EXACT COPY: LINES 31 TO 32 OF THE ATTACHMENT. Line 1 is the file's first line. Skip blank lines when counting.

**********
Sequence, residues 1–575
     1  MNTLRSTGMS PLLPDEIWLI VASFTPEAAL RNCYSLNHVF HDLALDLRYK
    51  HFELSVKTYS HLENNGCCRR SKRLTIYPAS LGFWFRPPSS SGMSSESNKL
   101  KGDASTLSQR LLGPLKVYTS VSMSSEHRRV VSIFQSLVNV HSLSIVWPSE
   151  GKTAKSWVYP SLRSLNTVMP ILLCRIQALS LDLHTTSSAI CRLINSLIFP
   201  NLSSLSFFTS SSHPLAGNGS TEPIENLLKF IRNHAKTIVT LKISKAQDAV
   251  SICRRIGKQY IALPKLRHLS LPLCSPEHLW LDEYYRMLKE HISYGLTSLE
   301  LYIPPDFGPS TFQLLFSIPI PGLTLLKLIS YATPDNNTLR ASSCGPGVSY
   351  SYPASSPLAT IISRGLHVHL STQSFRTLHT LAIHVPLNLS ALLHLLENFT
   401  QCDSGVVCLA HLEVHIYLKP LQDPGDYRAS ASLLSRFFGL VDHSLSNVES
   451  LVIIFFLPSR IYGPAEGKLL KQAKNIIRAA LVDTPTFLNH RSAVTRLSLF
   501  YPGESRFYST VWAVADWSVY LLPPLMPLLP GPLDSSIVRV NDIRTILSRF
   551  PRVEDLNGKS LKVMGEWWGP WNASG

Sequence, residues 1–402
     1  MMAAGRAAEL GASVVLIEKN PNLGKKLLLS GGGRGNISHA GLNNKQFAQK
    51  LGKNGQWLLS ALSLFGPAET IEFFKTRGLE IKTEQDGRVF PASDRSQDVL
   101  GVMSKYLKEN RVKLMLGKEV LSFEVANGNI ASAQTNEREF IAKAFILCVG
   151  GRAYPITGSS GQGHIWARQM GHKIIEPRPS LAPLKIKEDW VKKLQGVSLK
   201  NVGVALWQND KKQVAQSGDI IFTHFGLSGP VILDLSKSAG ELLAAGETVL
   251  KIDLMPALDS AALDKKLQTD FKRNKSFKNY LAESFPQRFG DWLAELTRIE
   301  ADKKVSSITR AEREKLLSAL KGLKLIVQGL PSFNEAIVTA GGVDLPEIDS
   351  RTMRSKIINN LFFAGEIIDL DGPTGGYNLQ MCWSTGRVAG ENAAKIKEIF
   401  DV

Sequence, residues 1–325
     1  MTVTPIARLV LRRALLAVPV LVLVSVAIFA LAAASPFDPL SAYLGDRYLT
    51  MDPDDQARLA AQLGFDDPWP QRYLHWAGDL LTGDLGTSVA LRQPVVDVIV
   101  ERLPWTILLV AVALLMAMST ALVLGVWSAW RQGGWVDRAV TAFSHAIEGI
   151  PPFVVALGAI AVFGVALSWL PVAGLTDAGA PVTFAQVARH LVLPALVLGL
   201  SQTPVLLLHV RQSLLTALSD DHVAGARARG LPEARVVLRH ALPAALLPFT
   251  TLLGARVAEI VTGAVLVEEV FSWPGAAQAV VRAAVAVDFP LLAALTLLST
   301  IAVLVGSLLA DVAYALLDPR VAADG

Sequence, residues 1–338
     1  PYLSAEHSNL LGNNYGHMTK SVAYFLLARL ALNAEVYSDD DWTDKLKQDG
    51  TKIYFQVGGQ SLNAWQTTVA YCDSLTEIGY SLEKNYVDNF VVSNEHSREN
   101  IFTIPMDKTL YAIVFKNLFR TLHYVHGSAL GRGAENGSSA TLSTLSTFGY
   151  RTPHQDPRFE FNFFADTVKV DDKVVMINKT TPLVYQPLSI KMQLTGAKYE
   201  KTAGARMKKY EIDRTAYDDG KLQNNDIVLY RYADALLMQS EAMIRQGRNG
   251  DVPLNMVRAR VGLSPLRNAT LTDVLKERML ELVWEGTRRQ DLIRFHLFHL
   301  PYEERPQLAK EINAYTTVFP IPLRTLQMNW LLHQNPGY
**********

   301  IAVLVGSLLA DVAYALLDPR VAADG

Sequence, residues 1–338